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Key to success: Vision Key to success: Passion Key to success: Perseverance Key to success: Preparation Key to success: Courage Key to success: Integrity Key to success: The American Dream Keys to success homepage More quotes on Passion More quotes on Vision More quotes on Courage More quotes on Integrity More quotes on Preparation More quotes on Perseverance More quotes on The American Dream


Coretta Scott King

Pioneer of Civil Rights

As an African American child growing up in the segregated South, I was told, one way or another, almost every day of my life, that I wasn't as good as a white child. When I went to the movies with other black children, we had to sit in the balcony while the white kids got to sit in the better seats below. We had to walk to school while the white children rode in school buses paid for by our parents' taxes. Such messages, saying we were inferior, were a daily part of our lives. But I was blessed with parents who taught me not to let anyone make me feel like I wasn't good enough, and as my mother told me, "You are just as good as anyone else. You get an education and try to be somebody. Then you won't have to be kicked around by anybody, and you won't have to depend on anyone for your livelihood, not even a man."
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Coretta Scott King

Pioneer of Civil Rights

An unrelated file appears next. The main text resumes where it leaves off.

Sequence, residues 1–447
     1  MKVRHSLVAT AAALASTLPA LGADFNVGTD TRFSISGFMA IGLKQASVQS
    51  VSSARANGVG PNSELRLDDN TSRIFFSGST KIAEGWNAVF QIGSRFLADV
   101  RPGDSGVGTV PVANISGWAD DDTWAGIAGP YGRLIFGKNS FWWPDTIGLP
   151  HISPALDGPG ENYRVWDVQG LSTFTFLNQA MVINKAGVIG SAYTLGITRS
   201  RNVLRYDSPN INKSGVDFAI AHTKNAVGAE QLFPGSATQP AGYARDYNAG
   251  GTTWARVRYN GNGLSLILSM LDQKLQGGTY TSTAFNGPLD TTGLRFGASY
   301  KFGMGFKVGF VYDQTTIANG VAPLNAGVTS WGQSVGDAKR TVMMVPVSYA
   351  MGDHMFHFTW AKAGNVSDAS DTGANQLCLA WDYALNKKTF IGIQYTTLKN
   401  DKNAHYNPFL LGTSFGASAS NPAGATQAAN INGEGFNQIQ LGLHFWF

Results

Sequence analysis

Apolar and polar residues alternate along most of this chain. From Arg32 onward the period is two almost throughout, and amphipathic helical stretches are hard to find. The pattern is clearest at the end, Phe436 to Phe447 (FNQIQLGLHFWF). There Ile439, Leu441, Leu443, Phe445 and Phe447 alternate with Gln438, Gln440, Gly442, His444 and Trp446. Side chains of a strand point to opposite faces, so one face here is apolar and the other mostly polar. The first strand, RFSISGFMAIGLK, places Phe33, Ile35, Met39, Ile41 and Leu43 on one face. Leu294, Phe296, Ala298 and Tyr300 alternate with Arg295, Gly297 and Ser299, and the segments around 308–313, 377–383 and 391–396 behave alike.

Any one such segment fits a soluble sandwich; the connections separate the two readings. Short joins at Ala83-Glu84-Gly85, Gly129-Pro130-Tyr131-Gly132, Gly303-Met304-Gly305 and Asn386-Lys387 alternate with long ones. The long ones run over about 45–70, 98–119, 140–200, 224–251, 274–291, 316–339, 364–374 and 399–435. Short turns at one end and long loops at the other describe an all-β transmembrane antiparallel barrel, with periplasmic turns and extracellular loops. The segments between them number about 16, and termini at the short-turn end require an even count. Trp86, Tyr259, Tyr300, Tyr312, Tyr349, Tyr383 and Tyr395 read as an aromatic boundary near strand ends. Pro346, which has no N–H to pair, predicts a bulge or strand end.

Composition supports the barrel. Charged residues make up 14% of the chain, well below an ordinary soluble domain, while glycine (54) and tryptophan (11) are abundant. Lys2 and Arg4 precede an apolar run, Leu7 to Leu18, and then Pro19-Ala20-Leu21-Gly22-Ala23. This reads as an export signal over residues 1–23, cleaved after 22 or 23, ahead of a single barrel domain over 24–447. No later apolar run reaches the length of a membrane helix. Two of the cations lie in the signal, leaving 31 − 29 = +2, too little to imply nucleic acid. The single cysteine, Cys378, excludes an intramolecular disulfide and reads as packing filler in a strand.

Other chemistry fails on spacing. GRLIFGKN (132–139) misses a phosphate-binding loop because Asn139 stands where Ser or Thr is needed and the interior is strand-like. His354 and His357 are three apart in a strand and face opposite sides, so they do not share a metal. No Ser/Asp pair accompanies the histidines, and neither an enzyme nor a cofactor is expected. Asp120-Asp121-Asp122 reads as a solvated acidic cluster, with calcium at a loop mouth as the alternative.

Coretta Scott King: I realized when Montgomery started that this was probably the reason we were called to Montgomery. After my house was bombed, and of course, all the threats on my husband's life, on my life too. I realized I could have been killed as well -- because I was in the house when the bomb hit the front porch -- with my young baby. And the callers had been calling, and they said that they were going to bomb our house, told my husband they were going to bomb his house and kill his family if he didn't leave town in three days. And of course he didn't leave town in three days, and they did bomb the house. So knowing that they meant what they said, because they actually did bomb the house -- the bomb was not strong enough to destroy the house, but if it had been, then that would have been very, very sad for all of us, certainly for me and my baby and my husband. But the fact is that I had to deal with the fact that if I continued in the struggle, I too could be killed, and that's when I started praying very seriously about my commitment and whether or not I would be able to stick with my husband to continue in the struggle. And of course it wasn't that difficult. It was a struggle, but I knew that we were doing the right thing. I always felt that what was happening in Montgomery was part of God's will and purpose, and we were put there to be in the forefront of that struggle, and it wasn't just a struggle relegated to Montgomery, Alabama or the South, but that it had worldwide implications. And I felt, really, a sense of fulfillment that I hadn't felt before, that this was really what I was supposed to be doing, and it was a great blessing to have discovered this, and to be doing what was God's will for your life.